By John G. Matsusaka

Direct citizen participation in the lawmaking process is sometimes believed to be a modern invention that has only recently been grafted onto the “real”—representative— democracy of the country. The idea of citizen lawmaking, however, goes back to New England town meetings in the 18th century, and Massachusetts held a referendum to its constitution as early as 1780.

WASHINGTON, D.C.—State Medicaid programs increasingly are depending on managed care arrangements, Julia Paradise, associate director of the Kaiser Commission on Medicaid and the Uninsured, told state legislators attending the CSG Medicaid Leadership Policy Academy in Washington, D.C., Sept. 15-17. “States see managed care as a strategy to extract savings,” she said.

The Centers for Disease Control and Prevention, in a 2014 study, report 259,000 preventable deaths each year. The study examined the top five leading causes of death - heart disease, cancer, chronic lower respiratory diseases, strokes, and unintentional injuries - that account for two-thirds of all deaths every year. The rates for these preventable deaths varied enormously across states. Where an individual lives in the United States has a direct effect on their health and, ultimately, their life span. The CDC made several recommendations to states to decrease the number of preventable deaths.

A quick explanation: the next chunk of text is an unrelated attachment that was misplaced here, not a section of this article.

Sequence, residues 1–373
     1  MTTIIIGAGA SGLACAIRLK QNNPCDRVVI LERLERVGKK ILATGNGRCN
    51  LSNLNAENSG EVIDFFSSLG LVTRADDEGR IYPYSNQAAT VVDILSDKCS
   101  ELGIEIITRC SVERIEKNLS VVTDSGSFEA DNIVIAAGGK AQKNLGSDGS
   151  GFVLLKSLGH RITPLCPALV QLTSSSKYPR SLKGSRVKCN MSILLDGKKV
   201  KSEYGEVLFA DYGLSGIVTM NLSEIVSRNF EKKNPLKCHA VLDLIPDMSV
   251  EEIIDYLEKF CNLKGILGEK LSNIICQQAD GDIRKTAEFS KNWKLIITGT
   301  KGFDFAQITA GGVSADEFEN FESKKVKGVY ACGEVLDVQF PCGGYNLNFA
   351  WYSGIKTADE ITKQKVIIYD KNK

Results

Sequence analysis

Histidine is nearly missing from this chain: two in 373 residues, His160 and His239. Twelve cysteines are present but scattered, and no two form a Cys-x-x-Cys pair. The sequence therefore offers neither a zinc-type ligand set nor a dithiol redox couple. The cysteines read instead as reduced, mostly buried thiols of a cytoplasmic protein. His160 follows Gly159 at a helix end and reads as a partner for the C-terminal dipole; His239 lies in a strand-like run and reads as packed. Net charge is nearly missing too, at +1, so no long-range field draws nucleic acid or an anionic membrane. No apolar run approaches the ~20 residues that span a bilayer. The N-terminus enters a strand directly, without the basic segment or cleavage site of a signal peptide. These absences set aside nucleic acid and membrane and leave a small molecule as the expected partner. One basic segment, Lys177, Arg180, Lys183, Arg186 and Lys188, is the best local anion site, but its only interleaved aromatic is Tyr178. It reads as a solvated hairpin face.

While the Supreme Court’s next term officially begins Oct. 6, its long conference is Sept. 29. The court will review a backlog of petitions that have been piling up over the summer. SCOTUSblog compiles a list of petitions it believes have a reasonable chance of being granted. Looking at long conference petitions and petitions that haven't yet been set for conference, four stand out as having a particularly significant impact on the states, if the court accepts them.

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Colorado election officials were regularly seeing 70, sometimes 80, percent of voters casting their ballots by mail. That’s because the state offered the ability to vote as a permanent absentee. To do so, however, voters had to apply for permanent absentee status. That changed with a 2013 law that standardized the vote-by-mail process. Now, everyone in the state receives a ballot by mail that they can cast by either mailing it back or taking it to a voter service center.

Colorado is among several states in recent years to pass laws improving the election system and increasing voting access.